You may have seen several plantar fasciitis surgery videos on the Internet, but are you wondering what they are? These videos can be of great help to you if you’re considering surgery to correct your condition. Here are some of the most common procedures performed to treat this problem:
Instability of plantar fasciitis
Inflammation of the plantar fascia, a ligament that attaches the heel bone to the arch of the foot, is the primary cause of plantar fasciitis. During periods of overuse, it can become inflamed and painful. Patients often complain of pain in the heel, arch, and back of the leg when walking, and when they get up from a prolonged sitting position. The treatment for plantar fasciitis includes non-surgical methods, which typically lead to relief.
The release of the plantar fascia decreases the stiffness of the arch, reducing the stability of the foot. This may cause the longitudinal arch of the foot to collapse, increasing stress on the other plantar bones and ligaments. This surgery is risky and can cause a number of complications, including increased pain and foot deformity. Some experts do not recommend plantar fasciitis surgery unless the disease is resistant to conservative measures.
Complications of plantar fasciitis surgery
A physician may recommend plantar fascia surgery if non-surgical treatments have not been successful. Although most complications of plantar fasciitis surgery are temporary, recalcitrant pain can occur. If you are considering this surgical option, make sure that your doctor is experienced in treating this problem. You should be prepared to spend several weeks recovering from the procedure, so that you can enjoy full mobility in your foot.
The surgery involves an incision in the heel to remove the damaged tissue and graft it to another part of the body. This may require a hospital stay, and some patients may experience significant pain. You should be aware of the risks involved and discuss these with your healthcare provider prior to surgery. In many cases, plantar fasciitis is caused by overuse or stress to the foot, and symptoms include sharp pain in the heel area, usually worsened with standing.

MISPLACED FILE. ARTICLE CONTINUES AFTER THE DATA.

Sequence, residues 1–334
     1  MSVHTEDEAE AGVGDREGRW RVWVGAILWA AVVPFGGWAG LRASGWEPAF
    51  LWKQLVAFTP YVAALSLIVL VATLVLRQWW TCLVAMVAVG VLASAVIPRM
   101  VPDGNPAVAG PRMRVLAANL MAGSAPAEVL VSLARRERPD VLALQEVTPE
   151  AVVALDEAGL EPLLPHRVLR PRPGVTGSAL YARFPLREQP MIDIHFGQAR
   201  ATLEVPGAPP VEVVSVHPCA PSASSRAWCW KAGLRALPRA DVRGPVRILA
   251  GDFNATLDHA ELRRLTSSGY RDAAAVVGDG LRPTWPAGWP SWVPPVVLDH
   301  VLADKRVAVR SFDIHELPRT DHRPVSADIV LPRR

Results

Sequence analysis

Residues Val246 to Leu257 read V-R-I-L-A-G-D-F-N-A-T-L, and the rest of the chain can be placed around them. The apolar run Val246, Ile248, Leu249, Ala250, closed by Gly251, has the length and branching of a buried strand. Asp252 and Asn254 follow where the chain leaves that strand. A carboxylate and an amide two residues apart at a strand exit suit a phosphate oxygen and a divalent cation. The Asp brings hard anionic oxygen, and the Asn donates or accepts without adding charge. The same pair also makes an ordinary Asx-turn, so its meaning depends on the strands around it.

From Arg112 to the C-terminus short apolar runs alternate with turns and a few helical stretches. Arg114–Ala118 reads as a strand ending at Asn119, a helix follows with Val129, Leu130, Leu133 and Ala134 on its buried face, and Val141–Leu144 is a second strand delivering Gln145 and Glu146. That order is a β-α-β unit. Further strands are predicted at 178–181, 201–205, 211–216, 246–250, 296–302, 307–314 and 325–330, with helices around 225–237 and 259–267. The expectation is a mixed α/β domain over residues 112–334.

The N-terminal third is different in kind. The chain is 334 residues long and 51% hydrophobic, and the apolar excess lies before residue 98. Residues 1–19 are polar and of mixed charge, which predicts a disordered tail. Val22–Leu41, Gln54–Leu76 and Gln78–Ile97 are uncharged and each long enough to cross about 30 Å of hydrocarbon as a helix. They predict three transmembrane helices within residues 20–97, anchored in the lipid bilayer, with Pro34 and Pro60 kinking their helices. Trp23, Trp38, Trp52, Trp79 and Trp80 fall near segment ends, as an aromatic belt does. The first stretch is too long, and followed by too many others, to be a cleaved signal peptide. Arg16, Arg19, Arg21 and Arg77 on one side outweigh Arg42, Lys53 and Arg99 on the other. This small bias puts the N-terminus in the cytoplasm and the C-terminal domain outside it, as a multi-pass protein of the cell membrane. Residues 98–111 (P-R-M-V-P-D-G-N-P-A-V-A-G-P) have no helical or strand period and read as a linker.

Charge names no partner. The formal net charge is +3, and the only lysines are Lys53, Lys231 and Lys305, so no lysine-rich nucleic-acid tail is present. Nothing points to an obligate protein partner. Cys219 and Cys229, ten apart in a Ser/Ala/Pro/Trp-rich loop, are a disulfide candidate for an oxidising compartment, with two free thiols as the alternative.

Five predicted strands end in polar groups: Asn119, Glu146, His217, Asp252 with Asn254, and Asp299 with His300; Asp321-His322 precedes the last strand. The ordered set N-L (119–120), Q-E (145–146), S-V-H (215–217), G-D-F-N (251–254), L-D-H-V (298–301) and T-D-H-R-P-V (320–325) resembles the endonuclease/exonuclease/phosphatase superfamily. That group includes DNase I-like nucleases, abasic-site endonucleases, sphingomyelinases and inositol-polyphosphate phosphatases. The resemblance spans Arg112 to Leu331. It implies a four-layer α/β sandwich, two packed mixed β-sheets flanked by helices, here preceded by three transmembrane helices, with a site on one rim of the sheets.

Recovery period after endoscopic plantar fasciotomy
The recovery period after endoscopic plantar fasciotomies is generally between three and six weeks, but it can be longer or shorter depending on the extent of the surgery. While patients may be able to return to normal activities after six weeks, a full recovery may take as long as three months. After surgery, patients will be encouraged to complete foot strengthening exercises to help the healing process. Depending on the extent of the surgery, physical therapy may be required for the first four weeks.
Patients should also expect to experience pain, swelling, and numbness around the incision site for a few weeks. Post-operative physical therapy may also be recommended. The recovery period for endoscopic plantar fasciotomies is similar to that of an open plantar facetectomy. Patients must take it easy for the first four to six weeks, with limited weight bearing and gradual physical therapy exercises. However, some surgeons encourage stepwise weight bearing. The primary goal is to minimize pain and discomfort.
Treatment options for plantar fasciitis
While you can find lots of treatment options for plantar fasciitis, you should only consider surgery when it is your last resort. Treatment options for plantar fasciitis surgery videos include a combination of medications and injections. You should also consider specialty shoes if you suffer from this condition. A combination of treatments may be most effective. These include surgery, home exercises, and prescription orthotics. Listed below are some of the common treatments for plantar fasciitis.
A conservative home remedy for plantar fasciitis is stretching and exercise. Proper stretching exercises should target the plantar fascia and Achilles tendon. Ask a physical therapist about specific stretching exercises. Physical therapy will also help you strengthen the muscles of the lower leg, which will stabilize your ankle. You may also be prescribed nonsteroidal anti-inflammatory medications (NSAIDs) to ease pain and inflammation. You may also need to take cortisone, a powerful anti-inflammatory steroid.